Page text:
Indian Government May Have Grossly Overestimated Water Supply
"Delhi, we have a problem" – at least according to a paper recently published in Current Science by researchers from the elite Indian Institute of Technology (IIT) and Jamia Milia Islamia (National Islamic University) in Delhi which claims that the Indian government has overestimated utilizable water resources anywhere from 66 to 88 percent due to a flawed methodology.
"What the government has done is double accounting of one vital element of the water cycle and therefore ended up with an inflated figure. While the error looks simple, with the ground water data of the country being classified, it took us four years of digging and understanding the method of calculation to figure out this discrepancy," says N.K. Garg of IIT, one of the study’s authors.
According to both authors Garg and Q. Hassan of Jamia Milia Islamia, India had only 668 billion cubic metres (BCM) of water compared to 1,110 BCM claimed by the Central Water Commission (CWC) – which is a shortage of 442 BCM. With a projected demand of 987 BCM, it cannot be met even after all the available water is exploited.Garg explains that: "During the lean period, the water in rivers that one sees is actually ground water as there is no rain at the time. But when the CWC calculated total utilizable water, it accounted for the water in the rivers at the time as surface water as well as ground water, leading to the inflated figures."
In hydrological terms, total utilizable water also includes water that cannot be used, such as water in rivers and underground. By including it in their calculations, the Indian government was able to present a much higher figure than what could actually be extracted and put to use.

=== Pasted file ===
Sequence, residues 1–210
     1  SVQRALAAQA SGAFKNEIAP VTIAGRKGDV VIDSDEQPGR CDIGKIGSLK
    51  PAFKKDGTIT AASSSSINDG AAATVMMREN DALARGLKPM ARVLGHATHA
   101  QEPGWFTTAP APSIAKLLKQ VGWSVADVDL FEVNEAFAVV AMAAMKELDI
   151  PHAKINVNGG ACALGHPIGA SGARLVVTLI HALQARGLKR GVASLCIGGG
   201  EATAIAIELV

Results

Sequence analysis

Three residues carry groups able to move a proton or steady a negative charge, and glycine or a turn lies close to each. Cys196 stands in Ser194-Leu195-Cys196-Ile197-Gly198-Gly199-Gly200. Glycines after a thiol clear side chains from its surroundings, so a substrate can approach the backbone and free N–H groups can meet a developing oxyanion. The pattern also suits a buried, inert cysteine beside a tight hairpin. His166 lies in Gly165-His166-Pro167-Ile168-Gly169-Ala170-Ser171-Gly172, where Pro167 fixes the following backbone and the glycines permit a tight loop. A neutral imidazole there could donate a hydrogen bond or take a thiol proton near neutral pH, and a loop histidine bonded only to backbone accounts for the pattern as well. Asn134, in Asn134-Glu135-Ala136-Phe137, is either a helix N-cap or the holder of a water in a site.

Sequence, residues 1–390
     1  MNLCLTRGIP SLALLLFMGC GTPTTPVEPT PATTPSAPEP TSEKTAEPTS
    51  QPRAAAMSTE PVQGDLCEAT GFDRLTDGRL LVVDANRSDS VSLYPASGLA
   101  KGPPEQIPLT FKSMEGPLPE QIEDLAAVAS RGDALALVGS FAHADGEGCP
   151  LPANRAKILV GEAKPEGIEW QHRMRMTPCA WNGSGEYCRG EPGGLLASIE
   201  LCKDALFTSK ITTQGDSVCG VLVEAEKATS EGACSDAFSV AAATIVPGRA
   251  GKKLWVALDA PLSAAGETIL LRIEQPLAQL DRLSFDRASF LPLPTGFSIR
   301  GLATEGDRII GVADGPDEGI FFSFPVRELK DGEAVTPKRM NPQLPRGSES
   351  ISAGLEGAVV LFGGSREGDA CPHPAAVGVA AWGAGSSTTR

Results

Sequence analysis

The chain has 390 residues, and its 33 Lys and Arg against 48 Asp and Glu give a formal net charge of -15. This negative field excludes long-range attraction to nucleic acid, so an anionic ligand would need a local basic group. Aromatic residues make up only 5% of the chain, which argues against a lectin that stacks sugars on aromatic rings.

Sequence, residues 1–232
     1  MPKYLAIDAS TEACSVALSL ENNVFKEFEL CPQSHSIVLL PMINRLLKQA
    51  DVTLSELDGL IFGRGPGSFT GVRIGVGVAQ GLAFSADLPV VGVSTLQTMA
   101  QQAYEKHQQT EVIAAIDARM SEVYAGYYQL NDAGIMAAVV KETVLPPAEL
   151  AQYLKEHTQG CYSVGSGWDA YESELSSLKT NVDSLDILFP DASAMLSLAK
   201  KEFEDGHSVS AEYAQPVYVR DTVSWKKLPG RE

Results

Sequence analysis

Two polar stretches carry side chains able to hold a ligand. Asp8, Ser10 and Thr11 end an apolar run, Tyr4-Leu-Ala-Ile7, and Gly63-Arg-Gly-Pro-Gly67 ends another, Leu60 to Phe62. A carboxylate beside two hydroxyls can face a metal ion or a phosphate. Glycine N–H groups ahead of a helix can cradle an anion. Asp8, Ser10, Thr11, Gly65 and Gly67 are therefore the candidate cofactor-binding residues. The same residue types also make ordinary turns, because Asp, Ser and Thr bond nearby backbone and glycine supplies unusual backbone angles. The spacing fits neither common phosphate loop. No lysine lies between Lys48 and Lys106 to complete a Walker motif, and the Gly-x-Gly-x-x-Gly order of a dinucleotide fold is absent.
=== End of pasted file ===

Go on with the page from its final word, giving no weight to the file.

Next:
Obviously, this stupendous overestimation will have significant ramifications on the direction of India’s plans for water use, regulation and conservation, as well as for power and irrigation projects.
But could it be a clerical mistake? A.K. Gosain of IIT-Delhi, who also sits on the Prime Minister’s committee on climate change, doesn’t think so. "The trouble is all the data on ground water is classified and never released to even scientists. Nobody outside the government has been able to evaluate the statistics. Even when we were doing simulation studies to look at impact of climate change on our rivers, we had to use American data on Indian rivers to validate our results."
::Times of India
See also ::Report: Alarming Scarcity of Water in India (PDF); ::India's PM: No Subsidies, More Local Water Conservation Strategies, ::Rivers of Sewage: India’s Rivers Are Slowly Dying, ::Troubled Water, ::India's Water Future: Are Interbasin Water Transfers a Solution?
Image: Global water scarcity, World Resources Institute